Writing Tips For the Reluctant Writing Teacher

write every day
Writing is arguably the hardest thing to teach.  For me this is partly because I have never considered myself a stellar writer, but also because there are so many different approaches and styles and a lot depends on the writer's personality.  Additionally, it seems that writing has never had the emphasis that reading and math have had (unless you teach a tested grade), so if something has to get squeezed out, it may well be writing. It is amazing how much a fellow teacher can influence you and how you teach when they are passionate about something.  One of my partner teachers is passionate about writing and getting students to love it as much as her.  After many conversations about how she teaches writing, and reading several books that she recommended, I have become a better writing teacher.  The following are some tips I learned and resources I have found that are beneficial if you are like me and dread teaching writing!

Tip # 1 Make Time for Writing Instruction EVERY SINGLE DAY! When I was in the classroom, I found it hard to find the time to actually teaching writing.  We wrote across the subjects in an effort to squeeze it in when possible, but what I learned is that my students actually became better writers when I actually taught them skills and strategies that would help them become better writers.  Go figure! :) I usually could only manage consistently 20-30 minutes a day for four days a week.

Tip #2 Write in FRONT of your students. This may sound silly, but modelling what you expect can go along way!  I always thought students would copy my style and I didn't want that.  However, what I have learned is that some students (usually the limited proficient students) would copy my style, but it was a lot fewer than I thought.  Students benefit from hearing you think aloud and go through the writing process.  Keep a writing notebook, similar to theirs so that you can model what is expected.

Tip #3 Use MENTOR TEXTS and Anchor Charts. Find a great book, article, letter in the genre that you are teaching and pick it apart based on how the author wrote it.  Look at texts from a different perspective than when reading for comprehension.  For example, if you are teaching students how to write strong beginnings, find several examples of books that have strong beginnings to share just that first paragraph with them.  Then create anchor charts that document these different strategies so students can reference them when they begin writing.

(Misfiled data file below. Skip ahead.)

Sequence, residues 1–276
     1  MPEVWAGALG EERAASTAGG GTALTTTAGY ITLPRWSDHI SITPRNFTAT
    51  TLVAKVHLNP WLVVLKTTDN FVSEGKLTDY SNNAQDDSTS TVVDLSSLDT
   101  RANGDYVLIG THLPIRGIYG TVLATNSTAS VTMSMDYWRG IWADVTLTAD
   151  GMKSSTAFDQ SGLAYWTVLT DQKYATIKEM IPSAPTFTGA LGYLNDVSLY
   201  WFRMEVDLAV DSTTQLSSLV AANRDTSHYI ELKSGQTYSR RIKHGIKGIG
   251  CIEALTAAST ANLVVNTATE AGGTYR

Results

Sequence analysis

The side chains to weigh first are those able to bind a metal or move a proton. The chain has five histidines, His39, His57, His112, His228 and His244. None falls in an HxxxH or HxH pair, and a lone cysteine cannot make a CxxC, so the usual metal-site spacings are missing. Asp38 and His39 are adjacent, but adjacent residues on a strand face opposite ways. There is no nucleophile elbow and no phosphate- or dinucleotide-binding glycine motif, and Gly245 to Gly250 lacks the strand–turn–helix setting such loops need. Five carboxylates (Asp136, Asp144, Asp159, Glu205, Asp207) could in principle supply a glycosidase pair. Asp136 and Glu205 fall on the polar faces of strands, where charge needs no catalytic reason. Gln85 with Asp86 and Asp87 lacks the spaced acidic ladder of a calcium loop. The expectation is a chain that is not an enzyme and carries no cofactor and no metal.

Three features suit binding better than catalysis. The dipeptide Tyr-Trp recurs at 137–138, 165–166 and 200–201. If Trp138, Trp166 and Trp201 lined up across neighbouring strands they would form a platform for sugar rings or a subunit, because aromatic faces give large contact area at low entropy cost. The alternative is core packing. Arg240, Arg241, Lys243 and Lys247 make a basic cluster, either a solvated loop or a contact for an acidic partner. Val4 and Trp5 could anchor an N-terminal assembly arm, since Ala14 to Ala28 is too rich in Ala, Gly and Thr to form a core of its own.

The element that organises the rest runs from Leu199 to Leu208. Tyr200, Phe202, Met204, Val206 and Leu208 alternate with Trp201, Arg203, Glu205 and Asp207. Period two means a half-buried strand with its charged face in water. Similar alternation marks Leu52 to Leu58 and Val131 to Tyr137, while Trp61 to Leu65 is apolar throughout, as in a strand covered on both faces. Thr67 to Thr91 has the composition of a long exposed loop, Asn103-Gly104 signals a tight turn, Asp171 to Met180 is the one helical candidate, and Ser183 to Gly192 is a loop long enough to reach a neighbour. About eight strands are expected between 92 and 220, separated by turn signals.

Tip #4 Read, read, read! Read aloud, ALL the time , to your students regardless of their age.  My fifth graders learned to love to read because I loved to read and that passion is clear when I read aloud.  It is important to read aloud a variety of types of texts and when reading, pause and think like the author of the text.

Tip #5 Follow a workshop model for writing. With my limited time to teach writing, my lessons often carried over from the previous day.  With that said, I usually always followed this model:
  1. Model the strategy and create the anchor chart with students based on mentor texts.
  2. Students have a chunk of time to write, independently, in quiet (or with classical music playing).
  3. Author's chair.
Students need time to practice the strategy that they just learned.  Then they also need to share with their peers what they have come up with.  As I walk around the room, I read over their shoulders.  I make a little mark on their page if they are sharing what they wrote that day.  That way I can screen which students share so I get a variety of different strategies.  Some times, they don't have time to finish their thoughts and so it becomes homework to finish their writing, but regardless, I still have them share if I think they are off to a great start. Two resources that will help you in your writing endeavors are:

  • Portland Public Schools K-5 Writing Binder:  They have an amazing collection of writing units for K-5 based on the Common Core genres.  Find them herePortland Public Schools Writing Binder

    • Ralph Fletcher Craft Lessons:  He has two books that I have found EXTREMELY helpful in teaching the craft of writing (not the nitty gritty grammar, conventions, etc.).  The first is for fictional  writing and the second is for nonfiction.
      Ralph Fletcher_Fiction Craft Lessons.jpg           Ralph Fletcher_Nonfiction Craft Lessons

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